¶11 The trial court found from all of the evidence that all of the elements going to evidence the intention to establish and claim a homestead interest in this property existed and were present in favor of the Weetes. In this we agree.

¶12 It is elemental law that homesteads are creatures of the various Constitutions and statutes of the states of the Union. It is also elemental that the benefits and privileges inuring to those entitled to claim a homestead interest in property shall be liberally applied, and the laws establishing such interests shall be liberally construed to effect a broad general social benefit. No court has gone further in this respect than this court.

¶13 We have held: That the homestead interest is a creature of the Constitution and statutes and vested jointly in the husband and wife for the benefit of themselves and family, without regard to which spouse has title to the property ( McMullen v. Carlis, 133 Okla. 204. 271 P. 665); that two sisters living together, if the other essentials are present, will constitute a family ( Union Tr. Co. v. Cox, 55 Okla. 68, 155 P. 206); that tenant in common is entitled to have a homestead exemption in lands held in common ( Atlas Sup. Co. v. Blake, 51 Okla. 778, 152 P. 601l); that the wife, the owner of the homestead in fee, may assail the validity of a foreclosure judgment upon the ground that the husband was not a party to the action ( Pettis v. Johnston, 78 Okla. 277; 190 P. 681); that a mortgage void from its inception for a lack of joinder of the nonowning spouse is not validated by the later abandonment of the property as a homestead ( Hall v. Powell, 8 Okla. 276, 57 P. 168); and that the husband and wife may not alienate the homestead by executing separate deeds ( Thomas v. James, 84 Okla. 91, 202 P. 499). or by separate writings ( Hawkins v. Corbit, 83 Okla. 275, 201 P. 649). In discussing what is a homestead interest we said in the case of Pettis v. Johnston, supra:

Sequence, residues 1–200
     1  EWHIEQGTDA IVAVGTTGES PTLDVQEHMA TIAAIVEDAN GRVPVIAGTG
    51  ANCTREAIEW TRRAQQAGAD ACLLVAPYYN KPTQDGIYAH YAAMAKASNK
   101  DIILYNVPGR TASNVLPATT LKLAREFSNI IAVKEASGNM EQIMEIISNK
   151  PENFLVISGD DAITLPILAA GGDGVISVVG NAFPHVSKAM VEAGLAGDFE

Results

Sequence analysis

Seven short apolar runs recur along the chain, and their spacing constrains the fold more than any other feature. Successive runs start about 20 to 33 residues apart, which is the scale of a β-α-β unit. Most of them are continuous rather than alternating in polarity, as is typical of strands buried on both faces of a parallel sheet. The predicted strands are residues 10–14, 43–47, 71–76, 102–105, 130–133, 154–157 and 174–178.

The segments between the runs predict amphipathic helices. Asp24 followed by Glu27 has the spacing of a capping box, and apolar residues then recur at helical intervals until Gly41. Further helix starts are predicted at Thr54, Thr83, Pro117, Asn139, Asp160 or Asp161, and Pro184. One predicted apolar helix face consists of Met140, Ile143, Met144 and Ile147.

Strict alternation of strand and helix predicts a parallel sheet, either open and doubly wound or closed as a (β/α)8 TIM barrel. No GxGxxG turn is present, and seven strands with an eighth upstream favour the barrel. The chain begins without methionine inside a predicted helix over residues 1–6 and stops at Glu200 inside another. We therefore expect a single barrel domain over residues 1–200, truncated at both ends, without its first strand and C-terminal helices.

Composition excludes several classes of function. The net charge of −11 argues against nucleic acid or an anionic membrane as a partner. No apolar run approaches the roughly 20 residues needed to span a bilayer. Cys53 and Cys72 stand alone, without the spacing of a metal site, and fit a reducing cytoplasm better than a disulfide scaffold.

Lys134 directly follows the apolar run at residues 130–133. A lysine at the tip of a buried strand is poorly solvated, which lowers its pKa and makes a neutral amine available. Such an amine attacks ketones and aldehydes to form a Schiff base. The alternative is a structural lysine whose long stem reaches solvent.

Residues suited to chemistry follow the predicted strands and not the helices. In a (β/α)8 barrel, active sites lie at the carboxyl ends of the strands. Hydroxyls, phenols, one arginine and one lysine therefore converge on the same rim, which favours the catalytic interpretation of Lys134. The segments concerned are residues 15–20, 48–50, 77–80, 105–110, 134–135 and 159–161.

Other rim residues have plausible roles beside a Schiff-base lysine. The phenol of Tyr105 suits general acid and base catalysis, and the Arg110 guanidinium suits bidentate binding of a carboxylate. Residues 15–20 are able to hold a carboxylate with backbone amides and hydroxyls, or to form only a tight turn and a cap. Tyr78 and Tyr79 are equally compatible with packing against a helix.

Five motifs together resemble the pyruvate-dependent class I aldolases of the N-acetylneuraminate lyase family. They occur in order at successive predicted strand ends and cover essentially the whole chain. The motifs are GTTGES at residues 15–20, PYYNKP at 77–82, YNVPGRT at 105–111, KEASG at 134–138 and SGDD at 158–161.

"* * * The homestead interest is a creature of the Constitution and statutes, nothing like it being known at common law; it is a special and peculiar interest in real estate; it is not a mere inchoate interest in either spouse, to become vested upon the death of the other; this joint right is paramount to the individual rights of either, and being incapable of division and partition between husband and wife, it cleaves and adheres * * * closely to the title to the land itself.

¶14 With these statements in mind, it is clear at the outset that many of the general rules of the law and of procedure cannot be applied to this situation because of the peculiar nature of the subject-matter.

¶15 The defendants' contention is, however, that whatever this interest may be it does not attach to the land in favor of the family until the husband and wife, or either of them, has actually acquired title to the property. In other words, defendants say that the inception of the homestead interest does not antedate the inception of some title to the property. This seems to be the general rule, but it does not meet the defect in the proceedings in case No. 26502, now asserted by Kothryn G. Weete.